Receiving her Master of Fine Arts in Ceramics and Sculpture in May 2018, Courtney Ryan is known for her intricate clay sculptures that appear to have emerged organically from their surroundings. She currently resides in Statesboro, Georgia, near Savannah, where she teaches Two-Dimensional and Three-Dimensional design courses as an Instructor of Record at Georgia Southern University. Upon graduation, Courtney intends to continue her studio practice while exhibiting work as she searches for her future career. As an aspiring professor of art, she wants to continue teaching and remain involved within the art world both professionally and academically.
Over the course of her graduate career, Courtney has had the opportunity to travel abroad to experience the Venice Biennale, as well as spend two summers in Ireland on residency through the European Council. As an avid presenter, Courtney has participated in conferences such as SECAC, SLSA, and CAA. Last August, she had her first solo exhibition, Domestic Consumption, at Columbus State University, and has since shown her work at other universities including the University of Georgia, Georgia State University, and Augusta University. Featured in Sculpture Magazine as an Honorable Mention for the 2017 Outstanding Student Achievement Award, Courtney continues to push her work into new realms. Currently she is exhibiting in The Delaware Contemporary Museum’s 2017 MFA Biennale: Domestic, as well as an upcoming show-swap with Aalto University in Helsinki, Finland. Having just completed a 40-foot mural and a public arts sculpture, Courtney is also heavily involved in her local community.
I create mixed media ceramic sculptures, to facilitate a dialogue between our natural environment and the excessive consumer-based environments in which we live. These sculptures, which I imagine have grown from their surroundings, suspend and amplify our relationship with the consumer-based materials we consciously and unconsciously display within our homes as a way of creating a sense of domesticity and belonging. Often drawing inspiration from my own personal narrative, that of consistent upheaval, relocation, and adjustment to new places, my work can appear both grounded and in a state of motion. I believe that the objects we surround ourselves with, both natural and human made, have a history, a life, and a language of their own. By gathering discarded objects and sculpting new aggregate forms which deliberately consider nature at the surface level, I am bringing to mind the suburban decay and wastefulness of our consumer based society.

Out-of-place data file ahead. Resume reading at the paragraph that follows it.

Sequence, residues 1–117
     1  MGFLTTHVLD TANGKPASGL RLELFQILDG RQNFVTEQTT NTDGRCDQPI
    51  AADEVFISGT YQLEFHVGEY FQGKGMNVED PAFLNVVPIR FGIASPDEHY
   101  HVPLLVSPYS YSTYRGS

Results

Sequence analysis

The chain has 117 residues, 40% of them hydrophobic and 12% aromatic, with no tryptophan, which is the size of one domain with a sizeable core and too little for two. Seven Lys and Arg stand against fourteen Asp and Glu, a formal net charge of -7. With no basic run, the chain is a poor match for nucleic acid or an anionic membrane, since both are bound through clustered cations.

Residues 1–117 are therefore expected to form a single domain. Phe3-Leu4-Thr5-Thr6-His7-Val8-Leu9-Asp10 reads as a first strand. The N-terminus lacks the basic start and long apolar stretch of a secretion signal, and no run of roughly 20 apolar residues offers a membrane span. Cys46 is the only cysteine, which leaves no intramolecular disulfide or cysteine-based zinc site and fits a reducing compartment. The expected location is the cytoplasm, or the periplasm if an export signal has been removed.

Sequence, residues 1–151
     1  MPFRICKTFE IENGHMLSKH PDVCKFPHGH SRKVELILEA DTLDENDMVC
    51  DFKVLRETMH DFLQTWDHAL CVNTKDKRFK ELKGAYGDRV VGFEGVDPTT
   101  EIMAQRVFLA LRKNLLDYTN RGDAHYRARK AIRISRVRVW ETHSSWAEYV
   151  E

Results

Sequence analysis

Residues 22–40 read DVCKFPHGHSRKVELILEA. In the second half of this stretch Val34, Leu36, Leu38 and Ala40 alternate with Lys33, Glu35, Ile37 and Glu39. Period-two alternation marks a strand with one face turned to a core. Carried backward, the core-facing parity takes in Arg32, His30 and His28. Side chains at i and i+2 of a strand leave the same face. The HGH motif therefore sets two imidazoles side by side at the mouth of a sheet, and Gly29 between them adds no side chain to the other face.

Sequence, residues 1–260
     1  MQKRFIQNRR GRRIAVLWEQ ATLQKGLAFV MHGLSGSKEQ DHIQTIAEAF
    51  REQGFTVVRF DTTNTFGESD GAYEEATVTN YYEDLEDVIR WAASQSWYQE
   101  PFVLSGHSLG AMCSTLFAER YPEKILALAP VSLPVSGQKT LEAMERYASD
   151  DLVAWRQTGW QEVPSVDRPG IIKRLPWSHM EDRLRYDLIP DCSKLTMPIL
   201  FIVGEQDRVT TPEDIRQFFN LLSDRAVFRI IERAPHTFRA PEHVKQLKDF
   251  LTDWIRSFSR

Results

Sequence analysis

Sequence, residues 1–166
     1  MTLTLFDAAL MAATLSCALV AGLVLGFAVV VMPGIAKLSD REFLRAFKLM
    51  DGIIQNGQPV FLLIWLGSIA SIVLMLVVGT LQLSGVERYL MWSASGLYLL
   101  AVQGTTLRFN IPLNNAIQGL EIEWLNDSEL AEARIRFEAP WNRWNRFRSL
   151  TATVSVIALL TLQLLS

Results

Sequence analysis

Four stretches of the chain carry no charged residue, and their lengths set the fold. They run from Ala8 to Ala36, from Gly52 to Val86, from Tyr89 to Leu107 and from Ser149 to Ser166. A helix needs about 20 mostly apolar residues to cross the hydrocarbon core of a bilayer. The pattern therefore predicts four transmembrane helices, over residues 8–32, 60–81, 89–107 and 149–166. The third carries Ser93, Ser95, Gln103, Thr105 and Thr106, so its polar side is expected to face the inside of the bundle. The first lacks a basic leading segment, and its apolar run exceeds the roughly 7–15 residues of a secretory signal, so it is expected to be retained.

While I use a range of materials and processes in each project, my methodology and ideas are consistent throughout my body of work. Although the sculptures may not always appear similar in form, they are linked by recurring formal concerns and consistent subject matter. The subject matter of each body of work centers around the adaptations of nature within our ever-changing urban and suburban environments, as well as varying aspects of domesticity, to include collection, framing, and display.
The local Georgian Stoneware clay I use is selectively embellished with brightly pigmented commercial and handmade glazes to create various tactile surfaces which result in an indigenous, yet human-made appearance. Combining a variety of techniques including hand building, wheel throwing, and casting my sculptures appear to be taken over by nature itself—the open, organic forms often encrusted with flora and fauna imagery. Recognizable objects such as plates, tea cups, knick-knacks, and other found materials play a symbiotic role in generating a dialogue within the work—that of nature adapting and consuming our personal environment, and we as humans consuming our own urban environment within nature. Excessive attention to detail and a strong sensibility to the surface allows me to transform clay into sculptures that have metaphorically grown from my own physical environment.